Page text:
About this Research Topic
The conditions experienced during early life (prenatal and neonatal periods) can influence the offspring long-term phenotype by modulating their development, physiology, behavior, resilience, and vulnerability to disease, ultimately impacting health productivity.
The Developmental Origins of Health and Disease, or developmental programming, refers to maternal/paternal influences at critical periods in pre and peri-conceptional, fetal or neonatal development with resulting persistent postnatal effects on the offspring. Considerable efforts have been made to understand how these influences during specific stages of gestation impact the developmental trajectory of the offspring differently. The fetus responds to stimuli or challenges causing changes in gene expression due to epigenetic modifications (including DNA methylation, histone modifications and non-coding RNAs) that can influence organ structure and/or function and ultimately exert long-term effects on the postnatal offspring. Numerous examples of influences (i.e., nutrition, drugs, or stress) with the potential to program the fetus exist in livestock species. In beef cows, nutrient fluctuations during pregnancy (i.e., over or undernutrition) affects fetal development, with long-term impacts on muscle development hindering the quality of meat and production efficiency. In dairy cattle, exposure to elevated environmental temperature and humidity during pregnancy affects fetal development with long-term implications in health, survivability, and productivity. Rabbit and sheep models of maternal inflammation during gestation can alter placental and fetal development leaving offspring at an increased risk of metabolic and even neurological disorders. In horses, the use of cereal pellets to supplement forage in pregnant mares has been associated with altered metabolism and increased incidence of juvenile osteoarticular lesions in their foals. Due to fetal nutrient partitioning skeletal muscle can be disproportionately affected by fetal growth restriction leading to slowed postnatal growth in ruminants and pigs. Furthermore, maternal insults can influence long-term changes to offspring productivity such as wool production in sheep. Food preference has been shown be influenced by maternal nutrition in several species and this may affect food intake and subsequent production. These observations extend to non-mammalian species such as poultry, where, for example, in ovo supplementation with nutriments affects the capacity of eggs to hatch, chick growth and health as well as meat quality.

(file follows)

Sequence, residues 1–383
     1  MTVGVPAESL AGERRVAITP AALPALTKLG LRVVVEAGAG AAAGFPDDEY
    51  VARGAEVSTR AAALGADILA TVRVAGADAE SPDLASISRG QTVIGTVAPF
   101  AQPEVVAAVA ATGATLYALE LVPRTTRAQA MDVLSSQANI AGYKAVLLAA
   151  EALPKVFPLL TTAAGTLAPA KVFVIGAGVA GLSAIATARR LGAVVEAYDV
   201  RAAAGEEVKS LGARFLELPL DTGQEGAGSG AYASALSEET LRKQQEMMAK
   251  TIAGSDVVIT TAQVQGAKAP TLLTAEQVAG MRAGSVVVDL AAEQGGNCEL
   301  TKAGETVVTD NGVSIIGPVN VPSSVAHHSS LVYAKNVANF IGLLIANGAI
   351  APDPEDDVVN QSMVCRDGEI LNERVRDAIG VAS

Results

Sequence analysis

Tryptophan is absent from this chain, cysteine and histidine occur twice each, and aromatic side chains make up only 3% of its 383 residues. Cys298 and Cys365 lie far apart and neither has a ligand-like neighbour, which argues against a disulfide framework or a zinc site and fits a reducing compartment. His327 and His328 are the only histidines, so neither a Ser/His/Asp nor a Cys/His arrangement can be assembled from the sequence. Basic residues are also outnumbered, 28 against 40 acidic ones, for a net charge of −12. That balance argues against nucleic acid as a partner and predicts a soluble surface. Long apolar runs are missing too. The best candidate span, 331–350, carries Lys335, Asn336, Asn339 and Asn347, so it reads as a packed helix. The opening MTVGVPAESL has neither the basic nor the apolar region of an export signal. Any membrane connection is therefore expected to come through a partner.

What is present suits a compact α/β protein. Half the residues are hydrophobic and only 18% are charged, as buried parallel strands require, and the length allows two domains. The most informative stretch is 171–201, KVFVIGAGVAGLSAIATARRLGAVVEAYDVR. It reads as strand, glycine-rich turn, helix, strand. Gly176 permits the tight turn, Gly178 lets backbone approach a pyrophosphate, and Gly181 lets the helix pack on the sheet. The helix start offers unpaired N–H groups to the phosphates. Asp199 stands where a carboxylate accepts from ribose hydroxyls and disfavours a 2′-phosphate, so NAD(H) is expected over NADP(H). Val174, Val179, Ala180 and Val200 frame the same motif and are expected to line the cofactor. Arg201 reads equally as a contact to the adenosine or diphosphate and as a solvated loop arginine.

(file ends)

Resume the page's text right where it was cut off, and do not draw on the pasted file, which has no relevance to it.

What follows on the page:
In recent years, it has become more apparent that postnatal early life experiences, particularly the first weeks or months of life outside the womb, can influence the offspring developmental trajectory and productive outcomes later in life. Early life nutrition management (i.e., plane, frequency, quantity, and quality) has been shown to influence gut and rumen development, as well as the establishment of gut microbiota in diary calves with long-lasting implications on production. Postnatal exposure to elevated temperature and humidity significantly reduces dry matter intake with negative consequences on health and growth performance in dairy calves. Moreover, in pigs maternal programming via milk derived factors in early postnatal life have been implicated in reduced fecundity and litter size over multiple parities. In this area of research, it is important to note that maternal insults during late pregnancy, such as undernutrition or heat stress will undoubtedly have carryover effects into early lactation thereby further influencing postnatal development. Other neonatal factors with the potential to influence the offspring long-term include social and housing conditions, husbandry practices, level of exposure to pathogens or infectious environments, among many others.
Livestock industries are increasingly focusing on improving lifetime performance. Given that the perinatal period is a unique opportunity to shape the animal phenotypes throughout life, identifying challenges and opportunities for manipulating early life conditions to develop more resilient and less vulnerable animals is a growing area of interest. This Research Topic intends to provide a comprehensive overview of the current knowledge about the influence that early life experiences have on the offspring subsequent health and performance in farm animals, and the potential underlying mechanisms leading to phenotypic outcomes later in life. We welcome the submission of Original Research, Review, Mini-Review, Methods and Perspective articles on how early life experiences might impact future health and productivity in livestock species (cattle, sheep, goat, swine, horse, others) that cover, but are not limited to, the following sub-topics:
1. Prenatal (in-utero) and postnatal influences (i.e., nutrition, environment, housing conditions, etc.) programming fetal and neonatal offspring development and its long-term effect on health and performance.
2. Molecular mechanisms by which early-life experiences program health and production.
3. Challenges and opportunities for the manipulation of perinatal development (i.e., what can be avoided or improved to produce beneficial effects in the offspring, or aspects that can be avoided to reduce negative outcomes).
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